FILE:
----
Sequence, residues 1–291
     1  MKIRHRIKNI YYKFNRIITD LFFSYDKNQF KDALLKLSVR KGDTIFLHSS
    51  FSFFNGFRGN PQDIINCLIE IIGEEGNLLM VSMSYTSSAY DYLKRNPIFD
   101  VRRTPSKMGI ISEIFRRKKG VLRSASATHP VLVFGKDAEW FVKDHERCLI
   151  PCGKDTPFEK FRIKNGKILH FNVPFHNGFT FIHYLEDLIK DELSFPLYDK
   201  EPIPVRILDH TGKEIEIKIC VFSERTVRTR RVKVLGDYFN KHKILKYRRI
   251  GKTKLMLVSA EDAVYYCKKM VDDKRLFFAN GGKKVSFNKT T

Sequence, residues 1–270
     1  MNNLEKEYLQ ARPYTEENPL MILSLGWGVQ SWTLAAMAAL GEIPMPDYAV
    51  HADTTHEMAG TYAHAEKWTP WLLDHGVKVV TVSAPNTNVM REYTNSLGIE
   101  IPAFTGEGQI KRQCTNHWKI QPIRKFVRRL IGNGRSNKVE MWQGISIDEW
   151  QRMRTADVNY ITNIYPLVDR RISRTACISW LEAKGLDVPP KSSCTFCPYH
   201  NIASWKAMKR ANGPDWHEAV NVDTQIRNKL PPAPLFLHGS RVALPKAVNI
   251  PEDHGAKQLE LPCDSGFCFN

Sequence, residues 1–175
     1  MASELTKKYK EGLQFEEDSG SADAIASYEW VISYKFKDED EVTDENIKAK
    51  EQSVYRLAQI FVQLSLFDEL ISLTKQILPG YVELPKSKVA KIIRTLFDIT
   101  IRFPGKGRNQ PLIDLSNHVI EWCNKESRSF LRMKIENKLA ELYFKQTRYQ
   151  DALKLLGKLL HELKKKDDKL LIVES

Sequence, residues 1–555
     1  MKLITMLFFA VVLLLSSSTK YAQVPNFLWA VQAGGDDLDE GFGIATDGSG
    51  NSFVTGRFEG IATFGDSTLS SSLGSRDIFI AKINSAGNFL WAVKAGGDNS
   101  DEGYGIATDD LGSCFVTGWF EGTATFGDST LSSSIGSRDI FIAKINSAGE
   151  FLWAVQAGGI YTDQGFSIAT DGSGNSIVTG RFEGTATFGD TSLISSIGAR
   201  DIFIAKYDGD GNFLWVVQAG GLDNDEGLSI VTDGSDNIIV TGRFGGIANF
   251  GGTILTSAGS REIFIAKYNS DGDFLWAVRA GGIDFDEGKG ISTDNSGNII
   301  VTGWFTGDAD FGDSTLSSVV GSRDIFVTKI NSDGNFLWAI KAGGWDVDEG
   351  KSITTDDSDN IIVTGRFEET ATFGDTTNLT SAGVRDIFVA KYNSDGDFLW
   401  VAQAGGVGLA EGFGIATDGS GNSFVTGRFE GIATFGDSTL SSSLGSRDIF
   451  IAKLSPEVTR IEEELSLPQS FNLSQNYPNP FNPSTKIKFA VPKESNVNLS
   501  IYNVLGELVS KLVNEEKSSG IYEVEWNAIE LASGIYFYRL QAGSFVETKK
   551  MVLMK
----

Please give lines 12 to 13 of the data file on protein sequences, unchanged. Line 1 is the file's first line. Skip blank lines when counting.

   151  QRMRTADVNY ITNIYPLVDR RISRTACISW LEAKGLDVPP KSSCTFCPYH
   201  NIASWKAMKR ANGPDWHEAV NVDTQIRNKL PPAPLFLHGS RVALPKAVNI